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Wednesday, March 14, 2007
I was thinking this morning about time and how quickly it passes. It seems like just yesterday I was using an IBM WheelWriter typewriter and I thought that was great because it had correction tape built in so I didn’t have to erase or use correction fluid. Now we have computers with my favorite key – the backspace key! The backspace takes you back so you can change things, fix things, say something differently, or choose not to say anything (often the wisest choice).

The first PC I ever used was an Apple IIc and I really cut my teeth on the IIgs. When I moved up to the “pizza box” Mac, I was in high cotton. The first computer I actually purchased was a Pentium I. I also purchased a laser printer at the time because of the quality of the printer over dot matrix. I was stylin’! Of course, I was not hooked up to the Internet at that point but I did have a couple of dial-up bulletin boards I checked daily and then there were user groups on Usenet which was sort of the Internet. I can remember the first time I logged on to the real information superhighway at a speedy 2400 baud. Wow! And when technology migrated from 5.25 inch floppies to 3.5 inch disks – man, what an improvement! No more “Insert Side B to continue”.

Hopefully, by now you are wondering what in the world this little “blast from the past” has to do with your job search or resume. Let me connect the dots for you. Does anyone still use any of this technology daily? No – it’s in the Smithsonian. (Except for my trusty laser printer which is still chugging along believe it or not) No one uses this technology and none of you care that I learned the skill of typing from dear Mrs. Chumbley back in 1982 rather than keyboarding. So tell me – why do you think information from that far back in time has any relevance to your job search today? There must be a reason because you keep putting all this old information on your resume even though employers don’t need it and really aren’t interested in it at this point in time. I see resumes everyday that go back twenty or more years in time. I saw one the other day that listed jobs all the way back to 1963! I kid you not.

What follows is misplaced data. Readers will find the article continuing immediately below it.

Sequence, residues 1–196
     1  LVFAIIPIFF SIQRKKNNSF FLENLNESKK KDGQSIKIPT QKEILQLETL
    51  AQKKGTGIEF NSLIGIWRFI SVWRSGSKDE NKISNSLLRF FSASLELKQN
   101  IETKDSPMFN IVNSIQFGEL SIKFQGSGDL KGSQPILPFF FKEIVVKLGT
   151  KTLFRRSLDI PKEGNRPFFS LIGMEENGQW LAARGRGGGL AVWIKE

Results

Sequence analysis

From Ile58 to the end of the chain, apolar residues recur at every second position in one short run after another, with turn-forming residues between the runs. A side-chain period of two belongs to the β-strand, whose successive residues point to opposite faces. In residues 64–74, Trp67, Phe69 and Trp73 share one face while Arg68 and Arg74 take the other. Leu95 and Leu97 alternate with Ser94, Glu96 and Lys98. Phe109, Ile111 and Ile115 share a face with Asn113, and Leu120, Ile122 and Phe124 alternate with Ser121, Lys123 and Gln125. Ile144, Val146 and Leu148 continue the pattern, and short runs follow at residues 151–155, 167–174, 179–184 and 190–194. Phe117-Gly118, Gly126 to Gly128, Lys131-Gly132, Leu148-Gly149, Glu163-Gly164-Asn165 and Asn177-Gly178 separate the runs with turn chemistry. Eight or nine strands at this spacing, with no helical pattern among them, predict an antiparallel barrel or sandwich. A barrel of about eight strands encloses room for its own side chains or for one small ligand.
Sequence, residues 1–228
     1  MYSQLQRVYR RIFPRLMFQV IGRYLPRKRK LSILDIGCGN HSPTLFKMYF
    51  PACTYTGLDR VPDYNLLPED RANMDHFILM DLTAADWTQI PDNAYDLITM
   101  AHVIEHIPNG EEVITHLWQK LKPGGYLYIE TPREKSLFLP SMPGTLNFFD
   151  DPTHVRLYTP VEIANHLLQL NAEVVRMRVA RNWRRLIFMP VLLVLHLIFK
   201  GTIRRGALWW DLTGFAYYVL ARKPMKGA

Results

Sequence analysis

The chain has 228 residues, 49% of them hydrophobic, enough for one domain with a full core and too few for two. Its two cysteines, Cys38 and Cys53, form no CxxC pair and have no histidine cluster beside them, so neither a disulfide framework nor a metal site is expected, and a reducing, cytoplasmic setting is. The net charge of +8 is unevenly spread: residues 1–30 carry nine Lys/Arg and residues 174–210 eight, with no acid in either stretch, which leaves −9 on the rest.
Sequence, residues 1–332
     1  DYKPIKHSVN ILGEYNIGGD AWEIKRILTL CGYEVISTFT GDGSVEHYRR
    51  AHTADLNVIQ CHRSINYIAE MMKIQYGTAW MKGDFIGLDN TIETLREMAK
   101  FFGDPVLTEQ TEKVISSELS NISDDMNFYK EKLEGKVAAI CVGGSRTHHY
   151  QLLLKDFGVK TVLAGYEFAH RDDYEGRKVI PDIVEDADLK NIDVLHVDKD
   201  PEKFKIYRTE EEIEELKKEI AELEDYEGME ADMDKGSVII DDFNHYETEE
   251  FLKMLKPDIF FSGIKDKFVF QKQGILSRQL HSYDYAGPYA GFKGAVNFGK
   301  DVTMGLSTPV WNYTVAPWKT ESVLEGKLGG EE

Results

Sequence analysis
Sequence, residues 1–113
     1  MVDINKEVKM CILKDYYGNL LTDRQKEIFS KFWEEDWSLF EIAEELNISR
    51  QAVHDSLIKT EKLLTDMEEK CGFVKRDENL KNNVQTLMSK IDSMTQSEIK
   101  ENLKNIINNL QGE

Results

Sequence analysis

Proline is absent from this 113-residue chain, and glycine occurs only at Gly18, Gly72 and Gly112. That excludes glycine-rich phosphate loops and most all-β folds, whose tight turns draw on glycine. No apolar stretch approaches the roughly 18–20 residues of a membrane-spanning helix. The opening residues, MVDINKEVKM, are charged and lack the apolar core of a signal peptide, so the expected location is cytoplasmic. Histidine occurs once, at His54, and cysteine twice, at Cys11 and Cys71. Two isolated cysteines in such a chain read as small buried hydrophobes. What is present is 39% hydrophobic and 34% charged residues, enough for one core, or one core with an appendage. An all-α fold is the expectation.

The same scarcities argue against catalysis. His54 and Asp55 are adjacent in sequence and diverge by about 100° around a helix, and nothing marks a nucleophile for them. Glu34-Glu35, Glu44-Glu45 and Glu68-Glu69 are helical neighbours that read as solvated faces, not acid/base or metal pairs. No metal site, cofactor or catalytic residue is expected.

Keep the information on your resume relevant to today’s job market. Everyone’s career is built in layers. You start out at one level and then build on what you learn. At some point, the earlier layers need to disappear off the resume so more space and attention can be focused on what is recent and most relevant to today’s market. Employers generally want to see the past ten to fifteen years of experience on a resume. If there is information from before that point that has relevance to your current goal, there are some strategic ways to bring that into the resume.

People get attached to achievements in their lives, achievements that are long past their prime (very much like my old laser printer), and they don’t want to let them go. Inclusion in a resume of scholarships won thirty years ago or an Eagle Scout designation from your teens is emotional rather than logical. One of the benefits of having a professional develop your resume and cover letter is the objectivity that comes along with the expertise in developing marketing materials that really sell you. As an objective party, we can see what is relevant, what needs to be included, what doesn’t need to be included and what needs to be emphasized. It’s called strategy and it’s the first step in writing a great resume. Without good strategy, you just get a listing of layers.

November 2005 / December 2005 / January 2006 / February 2006 / March 2006 / April 2006 / May 2006 / June 2006 / July 2006 / August 2006 / September 2006 / October 2006 / November 2006 / December 2006 / January 2007 / February 2007 / March 2007 /


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